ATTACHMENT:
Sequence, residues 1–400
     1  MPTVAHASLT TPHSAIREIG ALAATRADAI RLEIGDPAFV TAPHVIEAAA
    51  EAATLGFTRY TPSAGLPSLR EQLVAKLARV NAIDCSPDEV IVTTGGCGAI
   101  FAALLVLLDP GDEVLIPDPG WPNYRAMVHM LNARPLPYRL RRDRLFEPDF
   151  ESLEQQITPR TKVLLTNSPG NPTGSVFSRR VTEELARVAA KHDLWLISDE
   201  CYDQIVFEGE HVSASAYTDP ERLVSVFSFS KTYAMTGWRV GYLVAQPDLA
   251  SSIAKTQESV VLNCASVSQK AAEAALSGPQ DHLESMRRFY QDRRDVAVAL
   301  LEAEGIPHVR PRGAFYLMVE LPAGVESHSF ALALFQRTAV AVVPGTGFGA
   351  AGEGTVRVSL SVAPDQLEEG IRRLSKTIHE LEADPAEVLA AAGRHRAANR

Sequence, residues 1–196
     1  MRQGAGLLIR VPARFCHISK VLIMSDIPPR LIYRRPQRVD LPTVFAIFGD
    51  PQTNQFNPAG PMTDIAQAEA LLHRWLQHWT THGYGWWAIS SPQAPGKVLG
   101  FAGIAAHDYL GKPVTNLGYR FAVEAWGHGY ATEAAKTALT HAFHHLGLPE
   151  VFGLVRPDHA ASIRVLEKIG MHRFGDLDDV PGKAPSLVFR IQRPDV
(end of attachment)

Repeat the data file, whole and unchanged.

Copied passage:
Sequence, residues 1–400
     1  MPTVAHASLT TPHSAIREIG ALAATRADAI RLEIGDPAFV TAPHVIEAAA
    51  EAATLGFTRY TPSAGLPSLR EQLVAKLARV NAIDCSPDEV IVTTGGCGAI
   101  FAALLVLLDP GDEVLIPDPG WPNYRAMVHM LNARPLPYRL RRDRLFEPDF
   151  ESLEQQITPR TKVLLTNSPG NPTGSVFSRR VTEELARVAA KHDLWLISDE
   201  CYDQIVFEGE HVSASAYTDP ERLVSVFSFS KTYAMTGWRV GYLVAQPDLA
   251  SSIAKTQESV VLNCASVSQK AAEAALSGPQ DHLESMRRFY QDRRDVAVAL
   301  LEAEGIPHVR PRGAFYLMVE LPAGVESHSF ALALFQRTAV AVVPGTGFGA
   351  AGEGTVRVSL SVAPDQLEEG IRRLSKTIHE LEADPAEVLA AAGRHRAANR

Sequence, residues 1–196
     1  MRQGAGLLIR VPARFCHISK VLIMSDIPPR LIYRRPQRVD LPTVFAIFGD
    51  PQTNQFNPAG PMTDIAQAEA LLHRWLQHWT THGYGWWAIS SPQAPGKVLG
   101  FAGIAAHDYL GKPVTNLGYR FAVEAWGHGY ATEAAKTALT HAFHHLGLPE
   151  VFGLVRPDHA ASIRVLEKIG MHRFGDLDDV PGKAPSLVFR IQRPDV